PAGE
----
Nurses’ and midwives’ information behaviour: a review of literature from 1998 to 2014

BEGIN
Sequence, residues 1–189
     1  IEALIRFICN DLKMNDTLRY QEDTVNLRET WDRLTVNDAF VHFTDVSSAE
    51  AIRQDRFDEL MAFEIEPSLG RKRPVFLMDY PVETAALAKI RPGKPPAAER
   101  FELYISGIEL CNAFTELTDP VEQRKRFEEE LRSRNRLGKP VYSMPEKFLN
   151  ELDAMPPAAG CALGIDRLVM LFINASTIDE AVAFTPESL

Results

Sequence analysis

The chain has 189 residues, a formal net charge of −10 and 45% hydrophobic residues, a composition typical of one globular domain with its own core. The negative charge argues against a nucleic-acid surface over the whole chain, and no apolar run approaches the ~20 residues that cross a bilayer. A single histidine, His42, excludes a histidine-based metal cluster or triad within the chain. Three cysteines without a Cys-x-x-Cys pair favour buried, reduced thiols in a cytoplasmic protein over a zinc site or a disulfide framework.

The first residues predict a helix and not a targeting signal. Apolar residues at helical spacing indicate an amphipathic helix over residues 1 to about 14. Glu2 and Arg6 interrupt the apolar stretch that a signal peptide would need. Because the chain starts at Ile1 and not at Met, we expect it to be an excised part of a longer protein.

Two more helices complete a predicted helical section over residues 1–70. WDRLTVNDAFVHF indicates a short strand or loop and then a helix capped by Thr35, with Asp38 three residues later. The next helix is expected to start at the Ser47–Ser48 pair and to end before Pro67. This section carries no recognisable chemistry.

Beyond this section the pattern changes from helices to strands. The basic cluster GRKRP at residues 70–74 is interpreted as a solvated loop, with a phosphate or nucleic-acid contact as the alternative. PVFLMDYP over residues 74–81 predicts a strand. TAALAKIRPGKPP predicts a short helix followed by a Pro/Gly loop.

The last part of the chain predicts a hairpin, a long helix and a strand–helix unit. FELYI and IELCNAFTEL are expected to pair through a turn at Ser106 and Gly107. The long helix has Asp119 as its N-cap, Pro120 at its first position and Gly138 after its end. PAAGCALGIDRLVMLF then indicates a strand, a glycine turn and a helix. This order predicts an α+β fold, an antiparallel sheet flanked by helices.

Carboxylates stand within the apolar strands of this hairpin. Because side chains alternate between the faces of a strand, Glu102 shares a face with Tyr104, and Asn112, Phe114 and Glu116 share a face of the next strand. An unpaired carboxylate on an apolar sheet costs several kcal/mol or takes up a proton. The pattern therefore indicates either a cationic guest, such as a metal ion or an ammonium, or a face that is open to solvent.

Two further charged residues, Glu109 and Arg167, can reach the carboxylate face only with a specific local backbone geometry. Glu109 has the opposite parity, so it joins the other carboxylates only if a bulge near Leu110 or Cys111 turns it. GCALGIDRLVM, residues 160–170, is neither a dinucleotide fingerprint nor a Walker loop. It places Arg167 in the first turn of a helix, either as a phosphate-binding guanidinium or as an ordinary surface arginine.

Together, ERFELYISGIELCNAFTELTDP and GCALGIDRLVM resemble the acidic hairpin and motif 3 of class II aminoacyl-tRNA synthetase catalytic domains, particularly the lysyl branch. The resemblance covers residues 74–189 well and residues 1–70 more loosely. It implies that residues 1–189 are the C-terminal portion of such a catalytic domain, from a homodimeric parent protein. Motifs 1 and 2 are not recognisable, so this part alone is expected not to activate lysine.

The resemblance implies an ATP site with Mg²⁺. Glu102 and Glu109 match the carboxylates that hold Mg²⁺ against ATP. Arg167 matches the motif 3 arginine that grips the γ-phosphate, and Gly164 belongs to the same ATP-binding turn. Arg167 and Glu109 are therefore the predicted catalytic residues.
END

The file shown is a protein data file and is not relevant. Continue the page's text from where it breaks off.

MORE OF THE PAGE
Purpose\ud – This paper aims to provide an overview of recent literature on nurses’ and midwives’ information behaviour, with a particular focus on sources used and barriers encountered.\ud \ud Design/methodology/approach\ud – Comprehensive searching was undertaken and an analysis of the appropriate literature carried out.\ud \ud Findings\ud – Practitioners within the nursing profession have a marked preference for interactive and human sources of information. They habitually associate information seeking with professional development rather than with clinical practice. Lack of time is the most frequently reported problem; also, they frequently lack confidence in searching and appraising the professional literature and in applying research in practice. Cultural factors may inhibit information seeking in the workplace, and access to appropriate information technology may be limited.\ud \ud Practical implications\ud – As a group, nurses and midwives present significant challenges to health library and information professionals seeking to design services to meet their needs. A perceived lack of access to information resources may be associated with pervasive information literacy skill deficits, with the inability to undertake critical appraisal of material that is retrieved, or with the lack of a workplace culture that is supportive of information seeking. To reach nurses and midwives, more than diligent marketing is required; library and information professionals need to work closely with the holders of nursing and midwifery research, practice development and educational roles within their institutions on “embedded”, specific information initiatives.\ud \ud Originality/value\ud – An overview of recent work is presented on the information behaviour of nurses and midwives within developed economies, focusing particularly on the UK. It may be of interest and value to health librarians and to nursing and midwifery educators in facilitating evidence-based practice.
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